My energy is split between town meeting day coverage and Laidlaw developments. The SEC hearings are likely going to dominate the coverage for the next eight months at least. If things go longer (as they can if the committee wishes) I’ll have to look at renting an apartment in Concord. That’s a monster drive, and I have a feeling I’ll be doing it quite a bit soon.
I did a fair bit of driving today, between Glen, Berlin, Errol and back. I’ve got a bit more scheduled as well before this day is over. But the only parts of it that have more than two lanes are a short stretch up to Pinkham Notch and Route 16 north of U.S. Route 2 into Berlin. I have heard the constant commentary that if Berlin were on a major thoroughfare, such as a spur from Interstate 93, the economic conditions would be different. Undoubtedly so, but I would certainly be less interested in driving around for hours. The character of the area, which local residents care about more than their property taxes, would be devastated if that happened.
I realized it the last time I went to Concord for the CPD pre-hearing—every town is slathered in sprawl. The highway attracts it, and while it is development, I am skeptical it is the type Berlin needs.
The Gorham Wal-Mart provided jobs and taxes, but people also blame it for driving the Shaw’s Supermarket out of business. Now residents make a 45 minute trek for a real grocery store. And while finding tenants to fill a storefront on Main Street may be tough, it’s a breeze compared to filling the empty Shaw’s plaza.
Berlin is different, and it needs to stay that way. There is an Irving gas station, a Rite Aid pharmacy, a Dunkin’ Donuts and a Family Dollar; other than that, all the development is local. Further south the local hardware stores have been driven to bankruptcy by Lowe’s and Home Depot. Not in Berlin: Caron Building Center and White Mountain Lumber are still in business. Chain gas stations are the rule, not the exception in the rest of the country; in Berlin you can still buy from Munce’s. And what’s critical is that these companies are owned by families with roots in the community. They are willing to invest here, even when times are tough.
It is important to determine how Berlin and the rest of Coös County want to develop.
“If we want to have commercial development in the community it’s going to have to come from within,” Mayor Paul Grenier said at Monday’s council meeting. He was speaking in reference to the Binette family’s efforts to renovate the Bartlett school and turn it into dormitories, but the sentiment is true beyond this one case.
Would resident celebrate the opening of a Lowe’s? They would bring jobs, but at what cost? Berlin is in a tough spot—it needs development, but only of a certain kind. The economy is fragile in Coös County, but it hasn’t been eliminated. The prospect of development has to be balanced with the specter of routing what business have survived.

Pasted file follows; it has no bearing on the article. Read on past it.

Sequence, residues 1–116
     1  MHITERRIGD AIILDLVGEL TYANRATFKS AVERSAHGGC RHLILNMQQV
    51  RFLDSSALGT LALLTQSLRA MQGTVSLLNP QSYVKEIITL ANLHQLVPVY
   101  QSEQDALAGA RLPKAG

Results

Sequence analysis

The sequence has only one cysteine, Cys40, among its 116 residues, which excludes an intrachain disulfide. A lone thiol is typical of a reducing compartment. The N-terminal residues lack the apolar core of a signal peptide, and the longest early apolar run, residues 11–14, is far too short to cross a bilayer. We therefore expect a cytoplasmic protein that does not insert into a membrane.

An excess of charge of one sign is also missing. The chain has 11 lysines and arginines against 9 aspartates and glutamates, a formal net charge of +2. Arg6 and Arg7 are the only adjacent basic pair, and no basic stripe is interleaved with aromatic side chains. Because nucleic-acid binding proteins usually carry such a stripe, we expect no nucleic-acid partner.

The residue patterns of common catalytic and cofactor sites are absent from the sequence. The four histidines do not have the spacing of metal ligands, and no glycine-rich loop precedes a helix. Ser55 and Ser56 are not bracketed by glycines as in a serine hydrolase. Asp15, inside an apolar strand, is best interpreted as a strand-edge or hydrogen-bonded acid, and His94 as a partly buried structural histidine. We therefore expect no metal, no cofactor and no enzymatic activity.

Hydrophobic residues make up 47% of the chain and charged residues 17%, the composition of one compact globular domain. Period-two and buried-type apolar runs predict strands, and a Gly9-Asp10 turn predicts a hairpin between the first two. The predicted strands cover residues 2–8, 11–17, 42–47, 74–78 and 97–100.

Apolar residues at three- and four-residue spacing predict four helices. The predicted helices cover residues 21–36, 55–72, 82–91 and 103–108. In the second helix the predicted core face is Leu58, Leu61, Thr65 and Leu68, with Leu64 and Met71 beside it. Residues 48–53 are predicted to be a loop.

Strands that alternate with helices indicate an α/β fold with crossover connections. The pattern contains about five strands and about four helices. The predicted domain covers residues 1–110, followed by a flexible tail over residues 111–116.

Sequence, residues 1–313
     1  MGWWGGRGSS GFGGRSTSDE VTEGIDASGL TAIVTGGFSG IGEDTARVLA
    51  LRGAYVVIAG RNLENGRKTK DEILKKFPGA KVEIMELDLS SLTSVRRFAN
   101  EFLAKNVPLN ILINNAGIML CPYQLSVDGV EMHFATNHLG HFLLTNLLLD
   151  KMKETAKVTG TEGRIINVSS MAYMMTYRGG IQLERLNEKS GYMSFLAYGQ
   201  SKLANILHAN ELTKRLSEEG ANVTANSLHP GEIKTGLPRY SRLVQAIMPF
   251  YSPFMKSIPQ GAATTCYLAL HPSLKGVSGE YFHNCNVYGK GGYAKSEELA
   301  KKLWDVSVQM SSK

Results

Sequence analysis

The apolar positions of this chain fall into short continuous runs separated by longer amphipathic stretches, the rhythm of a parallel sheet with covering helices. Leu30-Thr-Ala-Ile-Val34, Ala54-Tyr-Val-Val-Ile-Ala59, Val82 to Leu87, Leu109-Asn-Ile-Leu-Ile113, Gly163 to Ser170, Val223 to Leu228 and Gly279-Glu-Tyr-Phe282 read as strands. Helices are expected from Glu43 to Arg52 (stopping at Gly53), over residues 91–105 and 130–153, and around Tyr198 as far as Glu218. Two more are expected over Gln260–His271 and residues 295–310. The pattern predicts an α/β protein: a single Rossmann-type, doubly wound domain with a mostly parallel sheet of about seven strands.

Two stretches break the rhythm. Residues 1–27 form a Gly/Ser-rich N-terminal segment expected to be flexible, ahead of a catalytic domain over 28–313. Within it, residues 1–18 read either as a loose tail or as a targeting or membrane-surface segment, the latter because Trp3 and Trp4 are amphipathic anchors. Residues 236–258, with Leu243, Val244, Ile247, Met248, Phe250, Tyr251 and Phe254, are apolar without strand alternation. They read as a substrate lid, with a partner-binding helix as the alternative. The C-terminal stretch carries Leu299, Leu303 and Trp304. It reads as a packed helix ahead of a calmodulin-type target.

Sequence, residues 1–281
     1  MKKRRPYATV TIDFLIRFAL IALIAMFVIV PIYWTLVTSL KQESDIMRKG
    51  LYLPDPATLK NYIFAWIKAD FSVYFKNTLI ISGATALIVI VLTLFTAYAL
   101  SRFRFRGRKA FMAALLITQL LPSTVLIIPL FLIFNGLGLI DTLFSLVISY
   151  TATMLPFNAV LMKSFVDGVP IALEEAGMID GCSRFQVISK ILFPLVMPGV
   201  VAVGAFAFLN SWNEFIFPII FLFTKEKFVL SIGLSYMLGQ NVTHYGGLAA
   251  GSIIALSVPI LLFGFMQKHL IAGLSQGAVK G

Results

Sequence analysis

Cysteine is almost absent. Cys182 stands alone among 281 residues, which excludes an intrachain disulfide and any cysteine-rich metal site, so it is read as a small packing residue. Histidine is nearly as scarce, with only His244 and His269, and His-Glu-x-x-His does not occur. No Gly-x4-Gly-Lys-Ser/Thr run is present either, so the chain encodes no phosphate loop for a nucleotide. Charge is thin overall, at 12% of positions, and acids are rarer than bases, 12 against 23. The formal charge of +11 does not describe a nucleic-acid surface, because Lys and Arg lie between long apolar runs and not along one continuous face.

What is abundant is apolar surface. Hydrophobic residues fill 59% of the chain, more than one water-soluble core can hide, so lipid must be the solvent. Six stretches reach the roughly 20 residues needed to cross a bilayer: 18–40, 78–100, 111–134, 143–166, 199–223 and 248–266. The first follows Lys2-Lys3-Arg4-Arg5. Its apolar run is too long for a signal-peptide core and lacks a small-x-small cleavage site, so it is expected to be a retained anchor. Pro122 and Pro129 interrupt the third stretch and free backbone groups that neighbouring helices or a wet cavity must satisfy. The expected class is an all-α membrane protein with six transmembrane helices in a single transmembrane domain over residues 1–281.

Two of the candidates running for the open Gorham selectman seat said they would like to see increased development on the Berlin/Gorham Road. That is a mixed blessing, and it could mean Berlin suffers. It might also mean Gorham suffers. The Wal-Mart in Gorham has doubtlessly affected area businesses. The impact is mixed because lower prices that are good for consumers hurt competitors. But such large developments requires a long range view, and a view that looks beyond one town.
When I travel around the north county I am struck by how spectacular the landscape is, how rooted the communities are, and how passionate the resident are. But I am also surprise at how disconnected it all seems. For a “region,” Lancaster seems a long way from Berlin. Randolph is a light-years away from Pittsburg. But these issues are Coös’, not just one towns. Pave a highway to Berlin? It’ll destroy not just Berlin, but every community it crosses. Line the streets of Coös with big box stores and McRestaurants and it will extinguish the untapped draw sits just below the region’s surface.
The region needs to think like a region, act like a region, and respond like a region. Whether it is branding, economic development or education, the North Country communities are on footing too tenuous to disregard one another. While efforts to herd cats pale compared to New Hampshirites, the region can’t affort to all pull in different directions. I think of the dispute between the commissioners and the branding initiative—personalities and egos almost derailed efforts to build a new future. The region has assets, which, when all joined together, are capable of standing on their own. But the infrastructure isn’t there yet for any community to go it alone. In the end, people have to admit this is a region, and one community’s rash decisions can’t be allowed to pave under the assets everyone in Coös County is counting on for their future. One economic base for the region has already disappeared. No one wants to see another one go before it has even had its heyday.